As a huge fan of Apple I'm disapointed with this new shuffle. Apple is capable of taking it to the next level, which this clearly isn't!

  • Chris Dannen

    The fact that Apple can't design a good earbud button doesn't mean the design is wrong for me; it means it's bad design. And if the device isn't meant for the "music searcher," @Snapper Cridge, then why is it 4GB with Voice-Over software embedded in it?

  • Mimi Meredith

    Hmmm...I think you should run with a towel. The crusting over of an iPhone due to sweat just seems tragic.

  • Fytros George

    Exactly, Snapper. Like some other people who say they could have put a small LCD, more buttons... The idea behind Shuffle is to be simpler, smaller, cheaper and play songs. If you don't like it it doesn't mean that it is not good... it is just not designed for you. Think about its characteristics and the needs of the targeted market. Probably for you iPod Nano is the choice.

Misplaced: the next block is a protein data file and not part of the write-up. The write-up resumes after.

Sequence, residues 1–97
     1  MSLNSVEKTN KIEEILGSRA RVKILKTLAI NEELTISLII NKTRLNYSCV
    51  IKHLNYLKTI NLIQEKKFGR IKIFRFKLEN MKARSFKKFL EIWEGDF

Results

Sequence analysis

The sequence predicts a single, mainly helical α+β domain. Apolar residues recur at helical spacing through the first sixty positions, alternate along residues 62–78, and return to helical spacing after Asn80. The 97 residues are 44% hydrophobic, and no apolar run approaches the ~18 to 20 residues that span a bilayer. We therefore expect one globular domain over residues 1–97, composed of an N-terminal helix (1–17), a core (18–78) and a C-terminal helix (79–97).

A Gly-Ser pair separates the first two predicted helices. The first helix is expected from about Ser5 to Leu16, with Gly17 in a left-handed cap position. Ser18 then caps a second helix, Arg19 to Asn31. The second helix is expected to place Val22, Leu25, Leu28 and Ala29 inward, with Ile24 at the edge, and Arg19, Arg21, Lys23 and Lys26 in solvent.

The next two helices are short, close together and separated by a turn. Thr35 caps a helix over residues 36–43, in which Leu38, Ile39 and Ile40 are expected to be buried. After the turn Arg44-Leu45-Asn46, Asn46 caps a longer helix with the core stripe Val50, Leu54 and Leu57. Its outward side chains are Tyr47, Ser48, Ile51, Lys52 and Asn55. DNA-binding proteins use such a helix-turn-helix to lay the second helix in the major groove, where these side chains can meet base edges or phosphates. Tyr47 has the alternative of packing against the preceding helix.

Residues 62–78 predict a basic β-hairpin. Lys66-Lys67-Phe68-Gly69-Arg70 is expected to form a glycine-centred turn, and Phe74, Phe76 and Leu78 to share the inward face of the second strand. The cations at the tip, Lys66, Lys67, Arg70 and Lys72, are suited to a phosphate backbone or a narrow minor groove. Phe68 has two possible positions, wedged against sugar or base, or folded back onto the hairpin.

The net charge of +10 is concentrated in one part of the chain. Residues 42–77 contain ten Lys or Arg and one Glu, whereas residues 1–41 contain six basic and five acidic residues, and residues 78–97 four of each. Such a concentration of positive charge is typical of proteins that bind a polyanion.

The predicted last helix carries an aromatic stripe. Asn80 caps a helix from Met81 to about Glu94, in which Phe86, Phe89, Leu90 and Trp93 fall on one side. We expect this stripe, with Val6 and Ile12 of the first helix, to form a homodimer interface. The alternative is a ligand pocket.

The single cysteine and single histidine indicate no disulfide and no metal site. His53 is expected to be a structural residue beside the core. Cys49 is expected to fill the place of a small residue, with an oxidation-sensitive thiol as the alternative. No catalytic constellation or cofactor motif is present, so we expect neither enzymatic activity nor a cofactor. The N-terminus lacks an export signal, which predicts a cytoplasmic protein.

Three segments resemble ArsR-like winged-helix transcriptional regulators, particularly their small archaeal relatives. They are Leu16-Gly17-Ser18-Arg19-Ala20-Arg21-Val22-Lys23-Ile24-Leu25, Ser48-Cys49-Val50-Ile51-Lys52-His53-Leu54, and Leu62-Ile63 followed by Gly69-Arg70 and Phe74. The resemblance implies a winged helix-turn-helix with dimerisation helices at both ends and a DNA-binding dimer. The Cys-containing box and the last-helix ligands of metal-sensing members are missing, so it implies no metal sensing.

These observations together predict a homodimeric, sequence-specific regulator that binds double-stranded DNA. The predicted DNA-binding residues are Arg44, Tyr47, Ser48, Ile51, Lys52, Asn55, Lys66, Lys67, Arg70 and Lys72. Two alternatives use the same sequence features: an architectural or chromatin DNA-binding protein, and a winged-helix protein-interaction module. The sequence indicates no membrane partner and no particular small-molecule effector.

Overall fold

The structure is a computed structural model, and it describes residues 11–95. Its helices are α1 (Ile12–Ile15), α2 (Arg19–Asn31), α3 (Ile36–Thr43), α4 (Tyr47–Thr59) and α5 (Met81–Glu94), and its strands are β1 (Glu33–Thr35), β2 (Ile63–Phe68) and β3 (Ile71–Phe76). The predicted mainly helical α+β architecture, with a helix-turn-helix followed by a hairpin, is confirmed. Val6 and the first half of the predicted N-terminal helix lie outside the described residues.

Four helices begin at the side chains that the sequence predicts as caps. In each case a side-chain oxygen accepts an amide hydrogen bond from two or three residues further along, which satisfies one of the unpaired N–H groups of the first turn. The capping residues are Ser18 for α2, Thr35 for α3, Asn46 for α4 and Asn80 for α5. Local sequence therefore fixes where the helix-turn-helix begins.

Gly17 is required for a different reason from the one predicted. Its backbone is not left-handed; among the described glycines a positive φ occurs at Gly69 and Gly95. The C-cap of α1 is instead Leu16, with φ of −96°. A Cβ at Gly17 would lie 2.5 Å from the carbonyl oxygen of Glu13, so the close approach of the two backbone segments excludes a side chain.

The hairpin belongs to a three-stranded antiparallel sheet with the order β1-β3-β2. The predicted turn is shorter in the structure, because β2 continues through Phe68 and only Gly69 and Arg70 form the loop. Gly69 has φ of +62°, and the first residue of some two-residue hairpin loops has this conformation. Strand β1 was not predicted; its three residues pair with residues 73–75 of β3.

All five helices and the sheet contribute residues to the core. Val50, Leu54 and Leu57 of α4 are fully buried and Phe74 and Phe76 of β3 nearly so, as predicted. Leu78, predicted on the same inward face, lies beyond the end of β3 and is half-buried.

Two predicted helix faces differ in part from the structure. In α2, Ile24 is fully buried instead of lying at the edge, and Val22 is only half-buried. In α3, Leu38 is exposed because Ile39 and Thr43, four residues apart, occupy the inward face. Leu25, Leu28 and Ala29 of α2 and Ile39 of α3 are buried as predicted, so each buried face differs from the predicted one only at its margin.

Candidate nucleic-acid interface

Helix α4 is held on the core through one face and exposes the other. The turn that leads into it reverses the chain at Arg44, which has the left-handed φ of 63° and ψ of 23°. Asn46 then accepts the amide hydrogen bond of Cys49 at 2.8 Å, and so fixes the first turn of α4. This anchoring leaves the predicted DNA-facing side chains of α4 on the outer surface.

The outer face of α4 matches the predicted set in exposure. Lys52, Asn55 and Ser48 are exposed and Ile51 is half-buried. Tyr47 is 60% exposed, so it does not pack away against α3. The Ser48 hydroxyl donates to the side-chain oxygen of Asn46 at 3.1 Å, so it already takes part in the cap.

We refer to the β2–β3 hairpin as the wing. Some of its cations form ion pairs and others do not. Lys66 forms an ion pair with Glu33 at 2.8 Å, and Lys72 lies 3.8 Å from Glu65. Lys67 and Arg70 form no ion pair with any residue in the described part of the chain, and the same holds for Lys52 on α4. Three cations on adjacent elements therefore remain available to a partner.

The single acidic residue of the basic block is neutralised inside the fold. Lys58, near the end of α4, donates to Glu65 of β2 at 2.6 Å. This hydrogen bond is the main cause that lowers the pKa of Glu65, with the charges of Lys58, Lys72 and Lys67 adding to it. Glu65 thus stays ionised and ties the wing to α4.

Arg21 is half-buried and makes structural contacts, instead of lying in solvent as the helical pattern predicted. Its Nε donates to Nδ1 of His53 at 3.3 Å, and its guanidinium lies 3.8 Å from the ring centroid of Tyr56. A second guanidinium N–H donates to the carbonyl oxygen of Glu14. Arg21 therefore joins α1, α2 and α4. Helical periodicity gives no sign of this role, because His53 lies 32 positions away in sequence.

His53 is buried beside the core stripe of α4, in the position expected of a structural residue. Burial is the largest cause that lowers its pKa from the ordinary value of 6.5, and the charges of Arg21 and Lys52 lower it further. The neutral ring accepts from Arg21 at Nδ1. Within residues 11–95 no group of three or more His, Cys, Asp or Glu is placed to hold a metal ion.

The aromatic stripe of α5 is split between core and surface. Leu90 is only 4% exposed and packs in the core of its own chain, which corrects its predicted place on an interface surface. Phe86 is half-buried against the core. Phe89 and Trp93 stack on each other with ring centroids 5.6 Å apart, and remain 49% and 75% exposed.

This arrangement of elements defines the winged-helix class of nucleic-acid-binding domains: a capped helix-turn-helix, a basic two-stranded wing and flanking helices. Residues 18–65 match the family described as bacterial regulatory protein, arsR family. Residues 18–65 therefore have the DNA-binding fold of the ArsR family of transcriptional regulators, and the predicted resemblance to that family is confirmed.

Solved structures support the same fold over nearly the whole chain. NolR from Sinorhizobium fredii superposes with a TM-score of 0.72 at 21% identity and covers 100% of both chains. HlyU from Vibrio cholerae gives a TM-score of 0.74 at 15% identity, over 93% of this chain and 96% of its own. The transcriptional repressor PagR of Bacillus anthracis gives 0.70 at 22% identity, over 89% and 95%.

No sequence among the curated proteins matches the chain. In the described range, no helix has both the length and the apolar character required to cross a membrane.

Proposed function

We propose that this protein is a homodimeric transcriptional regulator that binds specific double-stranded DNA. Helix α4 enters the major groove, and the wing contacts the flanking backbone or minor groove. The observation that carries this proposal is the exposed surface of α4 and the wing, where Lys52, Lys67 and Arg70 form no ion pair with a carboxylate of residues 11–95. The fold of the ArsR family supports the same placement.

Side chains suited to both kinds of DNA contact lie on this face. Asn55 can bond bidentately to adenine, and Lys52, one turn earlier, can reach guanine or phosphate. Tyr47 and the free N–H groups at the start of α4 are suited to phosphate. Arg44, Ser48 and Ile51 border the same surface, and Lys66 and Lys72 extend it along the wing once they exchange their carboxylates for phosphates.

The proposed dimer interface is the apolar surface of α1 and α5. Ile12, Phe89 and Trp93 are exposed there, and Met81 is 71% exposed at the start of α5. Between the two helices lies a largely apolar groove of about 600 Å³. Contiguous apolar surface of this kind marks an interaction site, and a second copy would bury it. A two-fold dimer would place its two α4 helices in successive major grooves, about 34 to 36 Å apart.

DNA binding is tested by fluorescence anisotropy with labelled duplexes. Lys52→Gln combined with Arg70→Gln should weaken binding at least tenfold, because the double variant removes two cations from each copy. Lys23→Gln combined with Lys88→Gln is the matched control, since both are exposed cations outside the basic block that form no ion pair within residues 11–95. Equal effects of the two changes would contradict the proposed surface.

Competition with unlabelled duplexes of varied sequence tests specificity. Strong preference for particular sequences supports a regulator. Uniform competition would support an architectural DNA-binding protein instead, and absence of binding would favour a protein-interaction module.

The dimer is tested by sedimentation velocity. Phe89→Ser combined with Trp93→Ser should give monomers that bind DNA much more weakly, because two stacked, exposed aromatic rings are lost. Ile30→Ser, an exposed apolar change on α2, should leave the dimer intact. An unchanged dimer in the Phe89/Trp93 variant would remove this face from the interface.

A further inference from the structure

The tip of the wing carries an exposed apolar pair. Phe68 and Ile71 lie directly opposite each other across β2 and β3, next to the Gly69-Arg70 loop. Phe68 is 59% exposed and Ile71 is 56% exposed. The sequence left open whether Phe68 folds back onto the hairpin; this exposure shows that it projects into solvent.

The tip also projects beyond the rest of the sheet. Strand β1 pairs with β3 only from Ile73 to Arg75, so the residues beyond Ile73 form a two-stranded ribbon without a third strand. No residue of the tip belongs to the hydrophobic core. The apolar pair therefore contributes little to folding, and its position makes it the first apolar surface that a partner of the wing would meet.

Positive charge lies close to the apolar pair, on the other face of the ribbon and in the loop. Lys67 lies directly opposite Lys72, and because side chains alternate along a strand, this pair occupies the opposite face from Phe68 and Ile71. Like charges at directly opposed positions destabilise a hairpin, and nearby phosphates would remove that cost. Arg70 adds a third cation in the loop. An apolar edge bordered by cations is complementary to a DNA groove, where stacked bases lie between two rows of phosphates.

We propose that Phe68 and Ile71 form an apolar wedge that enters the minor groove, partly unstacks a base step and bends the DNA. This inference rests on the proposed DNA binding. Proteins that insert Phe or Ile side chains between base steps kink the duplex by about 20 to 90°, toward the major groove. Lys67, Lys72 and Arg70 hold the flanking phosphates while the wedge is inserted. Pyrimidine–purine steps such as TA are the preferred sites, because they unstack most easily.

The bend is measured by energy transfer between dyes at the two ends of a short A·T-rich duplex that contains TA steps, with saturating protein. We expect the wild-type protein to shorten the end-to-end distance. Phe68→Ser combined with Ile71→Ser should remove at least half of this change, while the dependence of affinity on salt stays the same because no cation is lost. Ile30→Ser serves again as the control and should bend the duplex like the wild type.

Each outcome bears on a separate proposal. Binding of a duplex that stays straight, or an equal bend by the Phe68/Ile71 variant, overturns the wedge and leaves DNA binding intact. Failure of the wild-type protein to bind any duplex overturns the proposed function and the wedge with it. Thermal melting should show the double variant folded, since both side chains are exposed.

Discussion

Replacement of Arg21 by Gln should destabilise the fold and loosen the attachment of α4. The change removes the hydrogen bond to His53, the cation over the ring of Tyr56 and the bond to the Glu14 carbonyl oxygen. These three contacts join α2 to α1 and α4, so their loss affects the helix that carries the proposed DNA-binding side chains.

• Fytros George

    Exactly, Snapper. Like some other people who say they could have put a small LCD, more buttons... The idea behind Shuffle is to be simpler, smaller, cheaper and play songs. If you don't like it it doesn't mean that it is not good... it is just not designed for you. Think about its characteristics and the needs of the targeted market. Probably for you iPod is the choice.

  • Snapper Cridge

    All of your gripes would be relevant if we weren't talking about the iPod Shuffle. Honestly this device was never really designed for the "music searcher". It was design to drop a 100 or so songs on it and let it do all the work. If there are people that agree with your complaints I would suggest stepping up to a nano at least.